How Children’s Hospital of Wisconsin saved my life

Due to the many wondrous talents and skills by Children’s Hospital of Wisconsin physicians and nurses, I am alive today, and I will continue to live day after day after day. I have not been to every clinic and specialist (knock on wood, please), but I’ve been to quite a few over the last almost seventeen years of my life. From orthopedics to ENT to pulmonary functions to the Herma Heart Center, I’ve been down many hallways in the hospital.

What is especially promising and a relief to know is that my cardiologist, Dr. Earing, not only takes care of kids, but also has an adult clinic. This guarantees a knowledgeable …Click here to continue reading

A delicate balance for my beautiful daughter

Mo and Kate Jurgens

Mo and Kate Jurgens

My daughter Maureen (Mo) has Loeys-Dietz Syndrome, a connective tissue disease similar to Marfan syndrome. Loeys-Dietz syndrome is complicated. It affects the connective tissue that runs throughout the body—organs, muscles, and blood vessels. You name it. It’s present. When the tissue is weakened and defective, it is bound to wear down, be stretched to its limits and sometimes break. A major issue for Loeys-Dietz patients is they develop aneurysms throughout the body along with having many issues with the joints and other soft tissues.

Mo was born in 1995. Loeys-Dietz syndrome was not discovered until 2005. She has made many trips to Children’s Hospital of Wisconsin since she was born, visiting a number of clinics including orthopedics, ENT and neurology. Her first visit to …Click here to continue reading

Never stop fighting: A Herma Heart Center Hero


Callan is the 2012 Herma Heart Center Hero.

At 1-month-old, Callan was diagnosed with pulmonary atresia, a congenital heart condition that makes it difficult for blood to flow to the lungs. His doctors in Madison gave him a dismal prognosis, but his parents refused to give up hope. They reached out to the Herma Heart Center team at Children’s Hospital of Wisconsin in Milwaukee as a last resort for treatment options that might save Callan’s life.

Within a few hours, Callan was rushed to the Herma Heart Center, where physicians recommended a series of three open-heart surgeries. The surgeries took place over several months, and Callan had his ups and …Click here to continue reading

Save a life in your school or home: Lead your cardiac education

Heart awareness monthFebruary is heart awareness month, and it’s a great time to increase awareness of cardiac emergencies in schools and homes. Knowing the causes and warning signs of cardiac arrest and the importance of calling 911 during these emergencies are useful messages for parents, teachers and students.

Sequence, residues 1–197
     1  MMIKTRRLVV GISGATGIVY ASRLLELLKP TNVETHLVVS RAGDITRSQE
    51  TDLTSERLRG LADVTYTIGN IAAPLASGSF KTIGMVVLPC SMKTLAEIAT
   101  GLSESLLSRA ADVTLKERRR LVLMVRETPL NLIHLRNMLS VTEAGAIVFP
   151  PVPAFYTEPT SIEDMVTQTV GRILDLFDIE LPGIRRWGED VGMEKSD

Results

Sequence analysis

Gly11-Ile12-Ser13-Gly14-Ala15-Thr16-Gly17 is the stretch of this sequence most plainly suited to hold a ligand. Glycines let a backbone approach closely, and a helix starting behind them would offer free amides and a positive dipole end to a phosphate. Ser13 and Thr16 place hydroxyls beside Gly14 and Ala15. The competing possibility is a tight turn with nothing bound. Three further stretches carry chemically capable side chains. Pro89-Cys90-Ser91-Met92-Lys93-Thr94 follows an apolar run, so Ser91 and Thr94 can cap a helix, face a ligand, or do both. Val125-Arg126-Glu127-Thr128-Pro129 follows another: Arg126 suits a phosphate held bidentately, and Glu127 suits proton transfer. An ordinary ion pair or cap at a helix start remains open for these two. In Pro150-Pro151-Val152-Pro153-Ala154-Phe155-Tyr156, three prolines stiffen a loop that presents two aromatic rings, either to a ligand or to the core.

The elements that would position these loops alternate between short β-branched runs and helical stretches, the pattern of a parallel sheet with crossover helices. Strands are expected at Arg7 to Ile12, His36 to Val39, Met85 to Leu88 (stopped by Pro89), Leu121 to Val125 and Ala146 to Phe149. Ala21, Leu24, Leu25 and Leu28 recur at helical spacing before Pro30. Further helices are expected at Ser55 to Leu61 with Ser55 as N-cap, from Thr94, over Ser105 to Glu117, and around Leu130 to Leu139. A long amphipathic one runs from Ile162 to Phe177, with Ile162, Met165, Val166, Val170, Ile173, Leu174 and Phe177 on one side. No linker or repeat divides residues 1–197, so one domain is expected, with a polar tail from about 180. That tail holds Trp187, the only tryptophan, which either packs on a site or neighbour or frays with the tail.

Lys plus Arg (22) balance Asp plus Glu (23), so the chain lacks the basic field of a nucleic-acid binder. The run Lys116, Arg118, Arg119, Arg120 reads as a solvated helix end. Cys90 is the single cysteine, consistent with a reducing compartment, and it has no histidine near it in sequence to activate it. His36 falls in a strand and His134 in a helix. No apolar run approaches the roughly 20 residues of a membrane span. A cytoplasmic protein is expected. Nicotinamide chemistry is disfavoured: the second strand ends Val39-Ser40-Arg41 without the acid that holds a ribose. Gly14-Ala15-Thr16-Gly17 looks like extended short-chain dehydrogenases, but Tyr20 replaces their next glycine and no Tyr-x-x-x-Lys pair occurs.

It’s recommend to have an emergency plan in place and know where the automated external defibrillator (AED) is located, if available. Having a plan and discussing it with …Click here to continue reading

Heart awareness for newborns: Learn how a simple screen can save a life!

February is heart awareness month, a time when we encourage adults to reflect and make changes in their lives for healthier hearts. This is also a good time to raise awareness of congenital heart disease (CHD) and children who start their lives with heart conditions.

CHD is the most common birth defect, and it is present in eight of out of every 1,000 births. Some forms of CHD cause few problems in health, growth and development. Other …Click here to continue reading

Quick thinking teachers save a child’s life

Recently there was a segment on the TODAY show about a young girl in Texas who was saved by the quick thinking of her teachers and the automated external defibrillator (AED) in the school. I encourage you to watch this interview with her parents about the rescue, caught on camera. …Continue reading this post

My family knows the impact of congenital heart disease

When I was 4, I was diagnosed with an ostium primum atrial defect, a hole in the area between the two upper chambers of my heart. I had open-heart surgery at Children’s Hospital of Wisconsin to repair the heart defect. My brother, Jim, passed away at age of 20 from complications of congenital heart disease, and my daughter, Cassie, 5, had open-heart surgery …Continue reading this post

Heart specialist has watched hospital grow, learned about deer hunting in the past 10 years

Children’s Hospital of Wisconsin-Fox Valley is celebrating its 10th anniversary in 2011. As a pediatric heart specialist, I have seen real growth at the hospital during that time. I came here from Chicago. The adjustment from the bustling city to the quiet community of Neenah took me some getting used to, but I love it.

When I started at Children’s Hospital-Fox Valley in January 2002, the clinics had about 160 patients and all of the clinics’ charts could fit on one rolling cart. Now, the charts fill a …Click here to continue reading

To act or not to act? There should be no question

I’m proud to say I’m the father of three athletes. I’m lucky to say that none of my children have fallen victim to sudden cardiac arrest. But, what if this did happen? What if I wasn’t there? Would someone know how to help?

In addition to my role as dad, I also am a cardiologist at Children’s Hospital of Wisconsin. One of the programs we offer is Project ADAM, an initiative that helps schools recognize …Click here to continue reading

Children’s Hospital employees Go Red for heart disease and stroke awareness

You may have noticed a red hue illuminating the Children’s Hospital of Wisconsin hallways this month. You also may have noticed employees wearing red throughout Children’s Hospital and Health System. These efforts support the fight against heart disease and stroke.

Heart disease is the number one killer of both women and men. The Go Red initiative draws awareness to this and encourages people to take action to decrease their …Click here to continue reading